Not necessarily best practice
Best practice is contamination controlled through ion
chromatography (IC) testing
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IPC-TM-650, Method 2.3.28A
Pauls
General
Electric
NDCEE
DoD*
IPC*
ACI
Chloride (mg/in2)
2
3.5
4.5
6.1
6.1
10
Bromide (mg/in2)
20
10
15
7.8
7.8
15
*Based on R/O/I testing
© 2004 - 2008
2007
5110 Roanoke Place, Suite 101, College Park, Maryland 20740
Phone (301) 474-0607 Fax (240) 757-0053
www.DfRSolutions.com
13
Major Appliance Manufacturer (IC)
Ammonium
Bromide
Calcium
Chloride
Incoming PCB
Maximum Level
2
(ug/in )
<0.5
3
<0.5
2.5
Fluoride
Magnesium
Nitrate
Nitrite
Phosphate
Potassium
<0.5
<0.5
<0.5
<0.5
<0.5
<3
<1
<1
<2
<1
<1
<3
Sodium
Sulfate
Total
<3
3
5
3
18
<3
2
14
Weak Organic Compounds
200
200
50
Contaminant
© 2004 - 2008
2007
Processed PCB
Maximum Level Upper Control Limit
2
2
(ug/in )
(ug/in )
<2
10
8
<1
3.5
3
5110 Roanoke Place, Suite 101, College Park, Maryland 20740
Phone (301) 474-0607 Fax (240) 757-0053
www.DfRSolutions.com
14
DfR Solutions IC Requirements
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Fluorides
Chlorides
Bromides
Nitrates, Sulfates
WOAs
< 1 mg/in2
< 2 mg/in2
< 10 mg/in2
< 2 – 4 mg/in2
< 175 mg/in2
Note: WOA spec may not be necessary
depending upon flux used for HASL process
© 2004 - 2008
2007
5110 Roanoke Place, Suite 101, College Park, Maryland 20740
Phone (301) 474-0607 Fax (240) 757-0053
www.DfRSolutions.com
15
Best Practices: Application Specific
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Indoor applications: controlled environment
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Use of no-clean fluxes often sufficient (see caveats)
Outdoor applications: uncontrolled
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Non-condensing (ex: telecom):
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Condensing (ex: military):
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© 2004 - 2008
2007
Use of more aggressive cleaning of boards rather than noclean flux
Use of conformal coatings
5110 Roanoke Place, Suite 101, College Park, Maryland 20740
Phone (301) 474-0607 Fax (240) 757-0053
www.DfRSolutions.com
16
Best Practices: Use of No-Clean Flux
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Generally good at eliminating assembly-induced
contamination
Caveats:
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Places a larger emphasis on cleaning of incoming
boards
Wave soldering and/or rework may result in:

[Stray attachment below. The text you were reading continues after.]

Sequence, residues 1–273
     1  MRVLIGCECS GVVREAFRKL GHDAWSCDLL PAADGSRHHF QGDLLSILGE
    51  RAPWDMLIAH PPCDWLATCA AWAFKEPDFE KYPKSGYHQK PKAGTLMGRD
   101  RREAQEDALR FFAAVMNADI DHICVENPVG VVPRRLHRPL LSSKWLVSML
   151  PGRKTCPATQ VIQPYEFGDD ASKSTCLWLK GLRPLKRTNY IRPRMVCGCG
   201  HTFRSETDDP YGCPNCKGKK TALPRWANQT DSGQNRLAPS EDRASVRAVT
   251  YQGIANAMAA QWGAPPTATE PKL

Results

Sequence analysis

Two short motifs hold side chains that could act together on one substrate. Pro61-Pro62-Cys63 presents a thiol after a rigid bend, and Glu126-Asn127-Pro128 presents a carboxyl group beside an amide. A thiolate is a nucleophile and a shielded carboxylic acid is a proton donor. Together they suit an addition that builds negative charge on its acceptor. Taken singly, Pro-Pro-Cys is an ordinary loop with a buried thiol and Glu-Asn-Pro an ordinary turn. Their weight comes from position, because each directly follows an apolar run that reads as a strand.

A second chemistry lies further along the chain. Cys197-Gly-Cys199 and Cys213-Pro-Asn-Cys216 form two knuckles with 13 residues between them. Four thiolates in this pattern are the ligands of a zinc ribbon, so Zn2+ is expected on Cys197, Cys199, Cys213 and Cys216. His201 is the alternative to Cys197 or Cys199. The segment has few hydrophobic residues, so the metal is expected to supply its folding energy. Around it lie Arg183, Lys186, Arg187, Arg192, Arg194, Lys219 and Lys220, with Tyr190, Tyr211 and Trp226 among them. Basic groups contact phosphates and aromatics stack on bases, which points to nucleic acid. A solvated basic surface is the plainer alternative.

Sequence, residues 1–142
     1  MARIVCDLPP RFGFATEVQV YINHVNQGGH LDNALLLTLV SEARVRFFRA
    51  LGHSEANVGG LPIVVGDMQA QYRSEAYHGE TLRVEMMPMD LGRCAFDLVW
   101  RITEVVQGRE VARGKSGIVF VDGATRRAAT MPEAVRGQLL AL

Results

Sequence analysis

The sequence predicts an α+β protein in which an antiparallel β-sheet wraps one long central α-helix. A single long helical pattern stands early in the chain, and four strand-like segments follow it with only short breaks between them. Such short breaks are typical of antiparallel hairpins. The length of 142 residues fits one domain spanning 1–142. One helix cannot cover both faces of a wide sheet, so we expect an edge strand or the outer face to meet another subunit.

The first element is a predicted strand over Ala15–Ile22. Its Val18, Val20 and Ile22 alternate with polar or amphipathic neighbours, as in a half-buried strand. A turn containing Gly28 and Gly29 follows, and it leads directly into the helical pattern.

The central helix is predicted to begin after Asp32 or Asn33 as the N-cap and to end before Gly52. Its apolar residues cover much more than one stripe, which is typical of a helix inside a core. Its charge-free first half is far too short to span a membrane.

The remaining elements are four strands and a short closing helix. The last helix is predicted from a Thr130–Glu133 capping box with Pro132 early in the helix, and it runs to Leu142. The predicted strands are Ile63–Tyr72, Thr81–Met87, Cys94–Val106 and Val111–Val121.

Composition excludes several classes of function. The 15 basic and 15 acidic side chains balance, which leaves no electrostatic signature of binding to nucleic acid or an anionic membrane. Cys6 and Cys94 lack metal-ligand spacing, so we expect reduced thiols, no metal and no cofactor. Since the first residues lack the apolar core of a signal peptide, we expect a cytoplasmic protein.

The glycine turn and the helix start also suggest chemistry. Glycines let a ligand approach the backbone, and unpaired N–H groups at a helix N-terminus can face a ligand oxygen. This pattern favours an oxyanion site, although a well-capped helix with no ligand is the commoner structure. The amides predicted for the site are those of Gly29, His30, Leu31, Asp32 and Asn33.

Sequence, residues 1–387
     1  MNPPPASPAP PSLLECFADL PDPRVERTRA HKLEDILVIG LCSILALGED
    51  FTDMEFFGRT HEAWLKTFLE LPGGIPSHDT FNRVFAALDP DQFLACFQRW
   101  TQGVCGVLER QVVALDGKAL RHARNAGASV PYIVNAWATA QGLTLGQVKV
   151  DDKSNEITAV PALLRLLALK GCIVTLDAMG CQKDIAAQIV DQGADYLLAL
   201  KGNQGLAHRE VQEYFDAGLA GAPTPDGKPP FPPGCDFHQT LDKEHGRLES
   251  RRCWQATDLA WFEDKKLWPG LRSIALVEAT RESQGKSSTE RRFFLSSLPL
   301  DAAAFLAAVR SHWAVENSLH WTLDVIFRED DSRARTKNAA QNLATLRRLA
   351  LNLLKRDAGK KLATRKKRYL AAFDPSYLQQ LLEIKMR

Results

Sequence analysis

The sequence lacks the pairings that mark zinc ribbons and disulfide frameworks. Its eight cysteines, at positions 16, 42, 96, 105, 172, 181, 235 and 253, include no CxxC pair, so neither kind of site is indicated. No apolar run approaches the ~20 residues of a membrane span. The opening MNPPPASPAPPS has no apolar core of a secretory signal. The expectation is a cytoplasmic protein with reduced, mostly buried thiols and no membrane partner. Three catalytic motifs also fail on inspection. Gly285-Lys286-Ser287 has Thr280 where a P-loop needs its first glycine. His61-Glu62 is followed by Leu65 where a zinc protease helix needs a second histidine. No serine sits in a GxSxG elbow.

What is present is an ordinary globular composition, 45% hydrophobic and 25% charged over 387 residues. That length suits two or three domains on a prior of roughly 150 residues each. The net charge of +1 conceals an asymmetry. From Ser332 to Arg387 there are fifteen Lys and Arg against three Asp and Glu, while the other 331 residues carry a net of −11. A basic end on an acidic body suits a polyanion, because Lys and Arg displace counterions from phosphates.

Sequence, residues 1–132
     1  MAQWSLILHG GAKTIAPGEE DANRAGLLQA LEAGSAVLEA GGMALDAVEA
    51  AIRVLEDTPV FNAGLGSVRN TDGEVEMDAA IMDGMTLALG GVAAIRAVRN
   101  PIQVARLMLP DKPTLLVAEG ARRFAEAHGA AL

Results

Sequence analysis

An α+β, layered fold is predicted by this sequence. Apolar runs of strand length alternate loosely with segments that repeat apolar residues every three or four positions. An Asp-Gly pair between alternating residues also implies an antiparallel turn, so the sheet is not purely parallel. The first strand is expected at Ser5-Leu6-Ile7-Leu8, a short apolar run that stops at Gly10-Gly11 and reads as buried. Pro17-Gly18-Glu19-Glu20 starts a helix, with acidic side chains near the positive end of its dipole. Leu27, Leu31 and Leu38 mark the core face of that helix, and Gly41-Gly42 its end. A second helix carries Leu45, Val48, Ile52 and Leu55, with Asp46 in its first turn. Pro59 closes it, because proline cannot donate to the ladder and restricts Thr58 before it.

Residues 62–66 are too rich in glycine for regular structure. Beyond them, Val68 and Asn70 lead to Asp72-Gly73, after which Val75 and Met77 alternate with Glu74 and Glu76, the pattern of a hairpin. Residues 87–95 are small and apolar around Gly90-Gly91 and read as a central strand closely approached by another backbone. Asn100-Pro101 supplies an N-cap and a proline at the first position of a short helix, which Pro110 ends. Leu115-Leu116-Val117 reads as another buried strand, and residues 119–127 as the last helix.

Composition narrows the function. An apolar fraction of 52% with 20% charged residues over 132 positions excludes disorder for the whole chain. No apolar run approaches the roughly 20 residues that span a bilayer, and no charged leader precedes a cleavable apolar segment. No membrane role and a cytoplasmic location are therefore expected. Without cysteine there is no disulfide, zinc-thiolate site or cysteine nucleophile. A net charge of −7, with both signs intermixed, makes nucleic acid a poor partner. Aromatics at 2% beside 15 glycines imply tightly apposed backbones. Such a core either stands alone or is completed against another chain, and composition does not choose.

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© 2004 - 2008
2007
Pooling of flux: heterogeneous contamination issues
Flux not being deactivated: resulting acids may cause oxidation
and electro-chemical migration
Surface mount reflow rarely has such issues
5110 Roanoke Place, Suite 101, College Park, Maryland 20740
Phone (301) 474-0607 Fax (240) 757-0053
www.DfRSolutions.com
17
Flux Controls
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Strong movement to no-halide, no-clean flux
How to ensure flux choice does not induce ECM?
Option 1: Attempt to characterize flux chemistry
 Limited published literature
Option 2: Qualify the flux through testing
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© 2004 - 2008
2007
Requires test vehicle
5110 Roanoke Place, Suite 101, College Park, Maryland 20740
Phone (301) 474-0607 Fax (240) 757-0053
www.DfRSolutions.com
18
Flux Qualification
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Test vehicle requirements
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Fabricated from same material as production unit (board
and solder mask)
Minimum of two structures
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Smallest spacing at relevant voltage
Highest electric field at relevant spacing
Clean test vehicle before use
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© 2004 - 2008
2007
Designed to assess flux/solder mask interaction (not board
contamination)
5110 Roanoke Place, Suite 101, College Park, Maryland 20740
Phone (301) 474-0607 Fax (240) 757-0053
www.DfRSolutions.com
19
Current SIR Test Standards
© 2004 - 2008
2007